Reviews

Tribeca Review: ‘Permission’ is a Lovely Film About Love and Self-Identity

April 25, 2017
3 min read

The fun part of film festivals are the discoveries you can make. My Sunday morning slot was dedicated to ‘The Trip to Spain’, the latest entry in the Steve Coogan and Rob Brydon travel and food comedies. ‘The Trip to Spain’ already has distribution so I will eventually see it, which helped me decide to see ‘Permission’, a feature seeking distribution out of the festival and a movie I knew very little about.

The choice paid off because ‘Permission’ is a little gem, a lovely slice-of-life New York film, which takes chances on a been-there narrative. Writer-director Brian Crano sets the scene with something we’ve witnessed many times before – a character on the verge of turning 30 and starting to wonder if they are in the right spot in their life.

Anna (Rebecca Hall) has been with Will (Dan Stevens) for some time. They are madly in love with each other but after her birthday dinner with her brother Hale (David Joseph Craig) and his boyfriend Reece (Morgan Spector), she starts to wonder about the current state of her relationship.

Reece sets the plot in motion with a drunken speech about fidelity and being with only one partner for the rest of one’s life. Anna doesn’t question her love for Will and Will doesn’t question his love for Anna. They know they are meant to be but Anna wonders if maybe they should sleep with other people before continuing their relationship on a more permanent level. Will is apprehensive, asking if they now have an open relationship. “The relationship isn’t open!” claims Anna.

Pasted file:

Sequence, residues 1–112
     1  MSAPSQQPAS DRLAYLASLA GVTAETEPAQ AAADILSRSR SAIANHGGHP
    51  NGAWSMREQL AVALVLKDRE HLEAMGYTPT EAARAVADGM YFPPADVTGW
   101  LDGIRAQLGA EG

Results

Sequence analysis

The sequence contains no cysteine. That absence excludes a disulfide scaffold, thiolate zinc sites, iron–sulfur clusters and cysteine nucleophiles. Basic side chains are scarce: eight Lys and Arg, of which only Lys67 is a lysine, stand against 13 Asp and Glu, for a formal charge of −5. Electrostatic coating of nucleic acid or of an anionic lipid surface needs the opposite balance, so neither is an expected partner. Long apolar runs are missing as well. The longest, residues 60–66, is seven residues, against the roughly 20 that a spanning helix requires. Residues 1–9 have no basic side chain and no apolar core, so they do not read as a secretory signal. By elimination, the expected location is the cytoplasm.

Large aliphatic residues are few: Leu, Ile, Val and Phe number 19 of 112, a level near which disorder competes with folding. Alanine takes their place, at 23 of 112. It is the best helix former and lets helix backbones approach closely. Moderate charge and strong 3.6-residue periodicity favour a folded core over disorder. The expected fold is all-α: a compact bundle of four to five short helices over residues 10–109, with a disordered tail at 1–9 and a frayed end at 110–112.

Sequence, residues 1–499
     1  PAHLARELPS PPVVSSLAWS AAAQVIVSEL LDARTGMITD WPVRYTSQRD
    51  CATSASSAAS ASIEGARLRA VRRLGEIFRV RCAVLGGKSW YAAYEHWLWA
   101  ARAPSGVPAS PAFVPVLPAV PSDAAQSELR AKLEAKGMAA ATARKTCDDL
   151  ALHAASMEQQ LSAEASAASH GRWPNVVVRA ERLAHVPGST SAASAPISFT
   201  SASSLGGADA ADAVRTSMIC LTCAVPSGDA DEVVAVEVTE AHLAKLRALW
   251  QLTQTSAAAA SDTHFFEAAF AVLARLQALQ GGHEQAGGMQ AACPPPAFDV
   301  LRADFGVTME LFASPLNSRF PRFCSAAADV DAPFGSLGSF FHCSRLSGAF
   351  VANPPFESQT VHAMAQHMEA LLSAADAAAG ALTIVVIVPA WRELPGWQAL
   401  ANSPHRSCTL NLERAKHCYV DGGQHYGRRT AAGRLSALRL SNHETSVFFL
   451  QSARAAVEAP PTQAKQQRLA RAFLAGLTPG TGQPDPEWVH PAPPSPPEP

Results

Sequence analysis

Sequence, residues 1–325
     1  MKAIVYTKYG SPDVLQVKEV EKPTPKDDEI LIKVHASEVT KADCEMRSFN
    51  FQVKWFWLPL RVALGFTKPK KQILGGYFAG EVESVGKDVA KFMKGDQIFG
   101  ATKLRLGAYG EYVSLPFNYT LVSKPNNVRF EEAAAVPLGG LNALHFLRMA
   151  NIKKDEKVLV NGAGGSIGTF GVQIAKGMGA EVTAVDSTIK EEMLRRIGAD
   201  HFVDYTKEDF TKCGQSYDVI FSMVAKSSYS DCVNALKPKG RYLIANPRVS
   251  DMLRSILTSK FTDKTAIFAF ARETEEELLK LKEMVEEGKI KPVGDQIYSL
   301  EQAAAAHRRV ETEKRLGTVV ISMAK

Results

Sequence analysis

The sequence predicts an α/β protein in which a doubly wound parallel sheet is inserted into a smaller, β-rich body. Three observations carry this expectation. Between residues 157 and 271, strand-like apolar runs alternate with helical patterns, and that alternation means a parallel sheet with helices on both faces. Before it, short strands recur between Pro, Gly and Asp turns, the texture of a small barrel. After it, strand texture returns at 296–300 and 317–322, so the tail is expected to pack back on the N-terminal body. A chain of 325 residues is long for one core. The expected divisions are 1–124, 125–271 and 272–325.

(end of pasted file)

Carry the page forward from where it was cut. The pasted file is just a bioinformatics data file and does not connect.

It gets even weirder when Anna and Will go out searching for temporary partners together. “Want to go take a lap,” she asks Will when they get to the bar, like a hesitant wingwoman. She immediately hits it off with the bar musician, Dane (Francois Anaud), while Will is much more hesitant to pick up a partner. He strikes up a flirtation at his woodworking shop, where he meets wealthy divorcee Lydia (Gina Gershon).

Cranos’ careful script sidesteps a lot of clichés that would otherwise undo this type of film. He isn’t just interested in Anna and Will as a couple but them as individuals, adding an extra layer to the film. ‘Permission’ is as much about love and relationships as it is self-identity and asks if the two are mutually exclusive. Life is messy and Crano is interested in showing that over a fairy tale with the twinkling Manhattan lights as its backdrop.

There’s a B-story about Hal and Reece’s relationship, which is going through its own kind of strain. Hal desperately wants to start a family and works tirelessly to convince the skeptical Reece that they should adopt a baby. While most of their story feels like it needs its own film, it does carry its own dramatic weight (and gives a chance to introduce Jason Sudeikis in a rather superfluous role).

“Permission” features equal doses of cringe comedy and heart, mixing them together in a screenplay, which handles shifts in tone seamlessly. There’s a little something for everyone in Crano’s film.

Rating: 4/5

“Permission” premiered at the Tribeca Film Festival and is currently seeking distribution.

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